Distance Learning: Related to the above, distance learning via satellite or Internet is very much a part of educational technology. Delivering technological infrastructure for Alaska, Arkansas, Iowa, Kentucky, Maine, Mississippi, Nebraska, New Hampshire, South Dakota, Vermont, West Virginia and Wyoming is critical, because students in small towns and rural areas make up a third or more of U.S. public school K-12 school population, (McCrabe, 2004). There are considerable financial, personnel and operational challenges, among other factors, contributing to the struggles facing rural communities. Therefore, the federal government has tried to provide increased attention and policy considerations because of their struggle, wrestling with state funding formulas favoring larger, wealthier districts. The government has attempted to offset the disparities with NCLB, (McCabe, 2004). This is of particular importance given the Small Business Administration efforts to launch programs to stimulate job growth and business in rural areas, increasing the amount of capital available for investment, (Investors Business Daily, June 14, 2004).


Technical Support Systems: So who provides the technical support? There is considerable variation across schools and minority size. As of the Fall 2002, 38 percent of schools had a full-time technology director/coordinator; for 29 percent there was school district technical staff to support the schools; 18 percent had a teacher or other school staff responsible; 11 percent had a part-time technology director/coordinator; 3 percent had a consultant or outside contractor; 4 percent a teacher or other staff as volunteers or other arrangements, ( Kleiner & Lewis, 2003). Nevertheless, computer, Internet, software disruptions continue to interfere with the educational process.


Technology Inhibitors


While there has been increasing access to technology in the classroom, apart from the use of the Internet, the general use of computers for education has not increased as imagined, (Skinner, 2002). A 2002-2003 survey discovered only 58 percent of schools had teachers using the computer for planning/teaching; that number fell to 47 and 44 percent for high-poverty and high-minority schools, (Park and Staresina, 2004).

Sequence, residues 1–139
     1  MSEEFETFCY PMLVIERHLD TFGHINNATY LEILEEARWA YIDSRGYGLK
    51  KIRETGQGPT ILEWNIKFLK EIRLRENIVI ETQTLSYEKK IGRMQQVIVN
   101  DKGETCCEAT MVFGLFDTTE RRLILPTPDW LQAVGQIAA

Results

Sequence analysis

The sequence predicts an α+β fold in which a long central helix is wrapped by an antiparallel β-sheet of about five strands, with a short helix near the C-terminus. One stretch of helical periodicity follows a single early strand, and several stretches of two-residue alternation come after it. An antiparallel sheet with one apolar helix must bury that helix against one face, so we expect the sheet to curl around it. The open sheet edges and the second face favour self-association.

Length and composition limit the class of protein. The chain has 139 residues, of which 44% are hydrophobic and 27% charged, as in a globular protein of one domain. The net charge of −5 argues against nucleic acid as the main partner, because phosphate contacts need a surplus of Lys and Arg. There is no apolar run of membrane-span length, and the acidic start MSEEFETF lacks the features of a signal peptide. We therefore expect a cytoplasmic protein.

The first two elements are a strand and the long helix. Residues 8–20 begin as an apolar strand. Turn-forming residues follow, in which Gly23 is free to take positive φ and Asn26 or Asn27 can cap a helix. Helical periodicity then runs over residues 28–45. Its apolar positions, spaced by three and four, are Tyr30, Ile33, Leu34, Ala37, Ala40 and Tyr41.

The frequent use of the computers occurs usually in four areas: computer education, business and vocational education, exploratory uses in elementary schools and word processing, (Becker, 2000). The highest rate of use by secondary education teachers is for English; just one out of six science teachers, one out of eight social studies teachers and one out of nine math teachers use computers during class, (Becker, 2000).




There are several structural inhibitors to technology use. Structural inhibitors are those modus operandi of the federal government, state, school district or school that stand in the way of truly integrating educational technology, (Becker, 2000). Some examples:





From the beginning teachers have had to adapt to the technology insertion as best they could, learning as they go. Professional development has been slow in coming, and when it arrived little training treated ways to integrate technology into the everyday learning activities of the classroom; through the late 90’s professional development had been considered the key inhibitor with the primary focus on teacher technology training rather than learning technology training, (Zehr, 1997). Further, in the past only a fraction, 2-3 percent, of the technology budgets have gone to teacher technology integration training, (Zehr, 1997). While the NCLB Act mandates that states receiving funding must spend 25 percent for professional development, a study comparing the year 2001 spending for teacher technology integration training with 2000 saw the numbers dropping by 3 percent; the overwhelming amount of funding, or approximately 86 percent went to hardware and software, (Skinner, 2002).


National Educational Technology Standards for Teachers (NETS) were released in June 2000. Organizations such as Educational Regional Laboratories and State Departments of Education and others helped create the standards. Its purpose is; “to develop national standards for educational uses of technology that facilitate school improvement in the United States”, with specific performance standards and indicators for all teachers. Including, (ISTE NETS, 2000-2004):